Investors to spend $2.7tn on art by 2026, finds report
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Could fine art be the next alternatives market to truly take off? According to Deloitte’s fifth Art & Finance Report, it might well be, after forecasting that rich investors will spend $2.7 trillion (£2.1 trillion).
Deloitte’s report polled 69 private banks – including 27 family offices – as well as 155 art professionals and 107 international collectors to find out how art is viewed in the current investment landscape.
The consensus is that investment into art will not only increase in the near future, but will attract a broader range of investors. An average of 44 per cent of wealth managers report that they would be devoting more focus and resources to art and wealth management services over the next year, the highest proportion ever recorded by Deloitte.
The report’s authors, Adriano Picinati di Torcello, the director at Deloitte Luxembourg and global art and finance coordinator, and Anders Petterson, the managing director of the research firm ArtTactic, say that there is “an increasing convergence between collectors, art professionals, and wealth managers on the role of art in a wealth service offering, as well as a convergence of different stakeholder initiatives when it comes to improving art market transparency.”
Indeed, the report’s authors say that 2017 marks “confirmation” that the coming together of art and wealth management is “part of a long-term industry trend”.
Indeed, 88 per cent of wealth managers surveyed said they thought art should be considered part of their wealth management offering, compared with 80 per cent of artists and 66 per cent of art collectors.
Of those surveyed, 64 per cent of wealth managers, 67 of private banks and 55 per cent of family offices surveyed said they were actively offering services related to art and collectibles at their firms.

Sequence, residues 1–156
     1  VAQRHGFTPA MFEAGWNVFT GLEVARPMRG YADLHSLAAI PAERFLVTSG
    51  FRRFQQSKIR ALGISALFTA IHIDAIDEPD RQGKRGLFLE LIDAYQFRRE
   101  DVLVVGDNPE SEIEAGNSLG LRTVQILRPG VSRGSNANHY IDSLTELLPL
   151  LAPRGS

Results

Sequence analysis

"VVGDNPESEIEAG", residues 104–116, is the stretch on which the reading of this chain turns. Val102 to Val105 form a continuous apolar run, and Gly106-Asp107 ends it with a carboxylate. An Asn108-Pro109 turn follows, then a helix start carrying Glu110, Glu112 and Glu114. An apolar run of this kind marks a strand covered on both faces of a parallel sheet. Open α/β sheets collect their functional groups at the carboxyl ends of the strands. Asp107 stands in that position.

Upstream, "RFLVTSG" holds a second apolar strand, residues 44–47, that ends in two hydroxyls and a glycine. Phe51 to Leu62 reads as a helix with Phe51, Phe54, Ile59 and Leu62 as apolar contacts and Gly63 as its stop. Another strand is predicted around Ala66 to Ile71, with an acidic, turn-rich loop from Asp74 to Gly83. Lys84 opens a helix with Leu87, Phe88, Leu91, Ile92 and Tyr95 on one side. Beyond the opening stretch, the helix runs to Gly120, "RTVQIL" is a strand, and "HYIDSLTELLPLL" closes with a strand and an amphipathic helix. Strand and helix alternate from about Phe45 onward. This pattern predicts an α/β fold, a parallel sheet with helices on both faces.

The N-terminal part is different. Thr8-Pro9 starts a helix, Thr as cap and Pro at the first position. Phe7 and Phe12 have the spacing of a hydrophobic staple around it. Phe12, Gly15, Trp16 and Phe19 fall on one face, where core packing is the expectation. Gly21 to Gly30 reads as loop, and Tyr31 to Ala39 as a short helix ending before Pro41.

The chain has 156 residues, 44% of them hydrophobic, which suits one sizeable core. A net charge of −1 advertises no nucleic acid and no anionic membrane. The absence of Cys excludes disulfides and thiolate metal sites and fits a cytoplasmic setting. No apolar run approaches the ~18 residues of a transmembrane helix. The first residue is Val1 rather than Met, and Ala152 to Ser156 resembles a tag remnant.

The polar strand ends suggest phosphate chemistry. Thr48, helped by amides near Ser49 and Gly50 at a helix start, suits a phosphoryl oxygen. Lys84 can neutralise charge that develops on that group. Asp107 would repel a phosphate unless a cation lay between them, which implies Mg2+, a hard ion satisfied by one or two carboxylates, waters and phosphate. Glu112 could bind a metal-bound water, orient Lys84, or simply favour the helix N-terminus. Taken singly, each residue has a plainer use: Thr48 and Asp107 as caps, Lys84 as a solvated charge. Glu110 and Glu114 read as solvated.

Apart from the fact that fine works of art will retain their value over time, there are other motivations among collectors: 63 per cent said that the social value of their holdings was their primary reason for buying it.
In terms of sales alone, auctions have seen 18 per cent more deals completed in the first six months of 2017 despite what is described as a “challenging” previous year.
Total auction sales at Sotheby’s, Christie’s and Phillips all matched this growth, largely fuelled by impressionist, modern and contemporary works, which generated $912 million more this year. These houses alone generated $1.08 billion more in sales in the first half of 2017 than they did in the first six months of 2016.
Though New York City still generates the highest value of deals, the biggest growth in auction sales was seen in London, where 31 per cent more art has been invested in throughout 2017 than was last year.
Overall, impressionist and modern arts sales saw a 62 per cent increase, while there was also a 21 per cent uptake in Chinese and Asian artwork sales.